Gennadiy Butkevych's ATB Discount Store Competes with Eastern European Retailers

style="float: right; margin-bottom: 10px; font-weight: 600;"Fri 29th Sep, 2017

European Ambitions of Ukrainian Business: "ATB" Discount Store of Gennadiy Butkevych Will Compete with Eastern European Retailers?

The largest Ukrainian discount store--the retail network ATB-market--will have more than 1000 supermarkets in Ukraine by 2020 and will be able to challenge the largest players of national retail by annual turnover. This announcement was made this year by the management of the ATB corporation headed by Gennadiy Butkevych. Based on the results the company has been demonstrating in recent years, such goals are quite achievable. In addition to being the fastest growing brand, it has been the leader of tax deductions among retailers for several years. Experts, appealing to the fact that for the ATB-market, the local market is close to saturation, predict the inevitable expansion of the company to the markets of the European Union. The most probable destinations are believed to be Poland and the Baltic countries.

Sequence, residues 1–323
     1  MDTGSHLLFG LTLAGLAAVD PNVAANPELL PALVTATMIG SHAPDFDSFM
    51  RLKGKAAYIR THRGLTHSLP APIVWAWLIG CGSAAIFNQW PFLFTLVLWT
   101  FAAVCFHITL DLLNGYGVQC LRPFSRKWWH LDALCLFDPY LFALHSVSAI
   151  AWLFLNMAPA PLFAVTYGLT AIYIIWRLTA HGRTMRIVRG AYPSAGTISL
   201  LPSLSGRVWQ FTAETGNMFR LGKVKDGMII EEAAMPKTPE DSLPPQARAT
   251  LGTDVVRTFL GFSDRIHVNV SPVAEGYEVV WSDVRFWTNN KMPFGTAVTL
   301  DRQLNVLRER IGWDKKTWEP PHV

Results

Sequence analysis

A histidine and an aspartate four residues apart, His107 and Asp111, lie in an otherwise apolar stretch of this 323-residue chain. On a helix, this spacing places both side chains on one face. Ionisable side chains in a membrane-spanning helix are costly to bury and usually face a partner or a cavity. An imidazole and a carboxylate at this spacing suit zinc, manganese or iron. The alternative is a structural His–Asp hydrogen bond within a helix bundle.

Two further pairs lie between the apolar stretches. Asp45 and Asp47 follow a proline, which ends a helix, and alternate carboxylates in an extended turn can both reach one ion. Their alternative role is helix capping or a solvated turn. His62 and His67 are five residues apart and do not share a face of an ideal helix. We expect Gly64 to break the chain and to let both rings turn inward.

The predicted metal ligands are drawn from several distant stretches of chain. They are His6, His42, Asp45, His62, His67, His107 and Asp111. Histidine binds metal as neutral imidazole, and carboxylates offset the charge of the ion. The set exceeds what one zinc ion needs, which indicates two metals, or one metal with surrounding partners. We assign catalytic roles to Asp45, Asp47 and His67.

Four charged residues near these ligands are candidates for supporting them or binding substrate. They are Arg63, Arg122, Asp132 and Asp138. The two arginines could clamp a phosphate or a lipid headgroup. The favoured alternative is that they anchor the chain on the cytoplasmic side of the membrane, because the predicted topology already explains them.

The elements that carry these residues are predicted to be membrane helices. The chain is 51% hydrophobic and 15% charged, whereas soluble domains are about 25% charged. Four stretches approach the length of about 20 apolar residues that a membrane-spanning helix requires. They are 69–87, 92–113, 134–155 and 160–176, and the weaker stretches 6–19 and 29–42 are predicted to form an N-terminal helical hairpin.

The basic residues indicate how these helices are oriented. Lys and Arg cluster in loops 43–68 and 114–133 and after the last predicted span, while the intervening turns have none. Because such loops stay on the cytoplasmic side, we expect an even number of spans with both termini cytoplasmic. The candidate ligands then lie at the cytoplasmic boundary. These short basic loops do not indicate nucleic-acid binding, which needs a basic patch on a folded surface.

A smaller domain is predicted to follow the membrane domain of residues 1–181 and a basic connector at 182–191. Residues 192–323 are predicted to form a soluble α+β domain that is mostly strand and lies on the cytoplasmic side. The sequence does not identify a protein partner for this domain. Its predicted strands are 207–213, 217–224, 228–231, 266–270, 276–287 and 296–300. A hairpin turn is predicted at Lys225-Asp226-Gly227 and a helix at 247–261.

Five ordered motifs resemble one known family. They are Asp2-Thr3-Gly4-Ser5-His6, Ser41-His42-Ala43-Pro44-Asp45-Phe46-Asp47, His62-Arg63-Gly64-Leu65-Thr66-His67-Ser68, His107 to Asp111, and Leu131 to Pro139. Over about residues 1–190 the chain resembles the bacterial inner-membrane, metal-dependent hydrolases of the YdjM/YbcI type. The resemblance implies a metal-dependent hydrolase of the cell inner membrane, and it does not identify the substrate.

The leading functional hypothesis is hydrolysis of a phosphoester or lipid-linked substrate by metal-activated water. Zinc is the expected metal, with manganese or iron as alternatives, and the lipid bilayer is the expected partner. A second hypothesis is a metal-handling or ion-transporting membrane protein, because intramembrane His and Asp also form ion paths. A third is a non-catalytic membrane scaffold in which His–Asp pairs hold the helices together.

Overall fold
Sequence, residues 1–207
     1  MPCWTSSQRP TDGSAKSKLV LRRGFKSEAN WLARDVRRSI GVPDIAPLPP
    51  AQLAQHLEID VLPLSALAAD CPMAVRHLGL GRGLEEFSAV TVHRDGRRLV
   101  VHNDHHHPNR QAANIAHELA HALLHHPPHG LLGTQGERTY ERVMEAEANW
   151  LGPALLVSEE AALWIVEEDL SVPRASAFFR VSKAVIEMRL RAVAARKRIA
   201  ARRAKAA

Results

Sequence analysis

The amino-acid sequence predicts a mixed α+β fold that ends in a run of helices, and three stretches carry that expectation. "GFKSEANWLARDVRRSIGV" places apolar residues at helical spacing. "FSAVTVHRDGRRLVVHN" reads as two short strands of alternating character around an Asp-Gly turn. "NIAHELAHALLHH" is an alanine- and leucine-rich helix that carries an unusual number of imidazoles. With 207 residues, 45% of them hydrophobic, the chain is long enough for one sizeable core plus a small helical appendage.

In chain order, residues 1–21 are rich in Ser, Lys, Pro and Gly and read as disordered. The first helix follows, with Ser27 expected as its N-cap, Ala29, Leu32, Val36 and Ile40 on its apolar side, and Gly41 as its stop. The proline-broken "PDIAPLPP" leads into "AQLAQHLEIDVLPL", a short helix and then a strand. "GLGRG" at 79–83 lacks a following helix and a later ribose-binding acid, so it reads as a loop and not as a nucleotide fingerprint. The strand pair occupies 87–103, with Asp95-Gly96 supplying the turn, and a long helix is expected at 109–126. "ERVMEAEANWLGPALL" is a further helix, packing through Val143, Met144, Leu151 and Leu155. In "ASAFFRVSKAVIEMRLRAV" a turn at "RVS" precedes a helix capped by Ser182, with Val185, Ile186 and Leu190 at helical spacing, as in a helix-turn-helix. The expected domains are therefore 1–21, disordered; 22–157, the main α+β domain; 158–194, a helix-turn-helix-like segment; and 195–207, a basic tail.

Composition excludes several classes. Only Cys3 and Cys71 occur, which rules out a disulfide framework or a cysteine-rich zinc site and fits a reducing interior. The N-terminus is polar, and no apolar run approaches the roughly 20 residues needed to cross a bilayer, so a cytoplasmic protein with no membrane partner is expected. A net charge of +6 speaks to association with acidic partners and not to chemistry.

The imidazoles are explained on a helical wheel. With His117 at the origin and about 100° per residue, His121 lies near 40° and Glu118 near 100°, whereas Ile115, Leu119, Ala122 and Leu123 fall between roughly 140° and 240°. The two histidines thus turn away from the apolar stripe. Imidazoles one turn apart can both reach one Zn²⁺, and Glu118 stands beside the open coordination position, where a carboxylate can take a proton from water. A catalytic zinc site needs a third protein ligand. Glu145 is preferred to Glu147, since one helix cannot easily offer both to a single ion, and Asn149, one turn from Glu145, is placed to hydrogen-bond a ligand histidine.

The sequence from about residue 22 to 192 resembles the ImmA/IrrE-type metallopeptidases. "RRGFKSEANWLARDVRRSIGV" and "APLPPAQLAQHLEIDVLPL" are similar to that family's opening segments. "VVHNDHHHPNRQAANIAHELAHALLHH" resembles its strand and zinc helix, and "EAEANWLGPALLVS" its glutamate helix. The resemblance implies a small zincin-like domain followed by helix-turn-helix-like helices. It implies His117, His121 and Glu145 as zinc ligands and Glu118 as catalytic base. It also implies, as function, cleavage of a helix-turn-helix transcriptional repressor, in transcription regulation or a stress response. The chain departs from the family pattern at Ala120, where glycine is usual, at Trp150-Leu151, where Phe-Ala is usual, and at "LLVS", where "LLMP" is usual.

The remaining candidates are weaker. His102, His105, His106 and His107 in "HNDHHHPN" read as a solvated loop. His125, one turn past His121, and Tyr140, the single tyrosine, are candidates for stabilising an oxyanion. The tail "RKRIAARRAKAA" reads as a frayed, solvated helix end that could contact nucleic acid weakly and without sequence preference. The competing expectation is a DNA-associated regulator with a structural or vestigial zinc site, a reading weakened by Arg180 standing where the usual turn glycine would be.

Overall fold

"50 stores a year" is the development strategy of the network, which Gennadiy Butkevych adheres to. But will this strategy work in Europe? After all, first, the principles of doing business here are radically different from those Mr Butkevych is used to deal with in his country. Second, the question is whether there is any chance for ATB to be able to compete with such large Western discount stores as ALDI and LIDL, which have been building their networks in Europe for decades. However, there is hope in the fact that if ATB really plans to go directly to Poland and the Baltic countries, the abovementioned competing discount stores are quite new to these territories as well. Third, and perhaps the most important, what will be the attitude of the European consumer towards the new Ukrainian retailer?

Specifics of Ukraine-EU trade relations

After the events of 2013-2014, which Ukraine calls Maidan or the Revolution of Dignity, the society clearly stated its European choice and began to actively build relations with the West.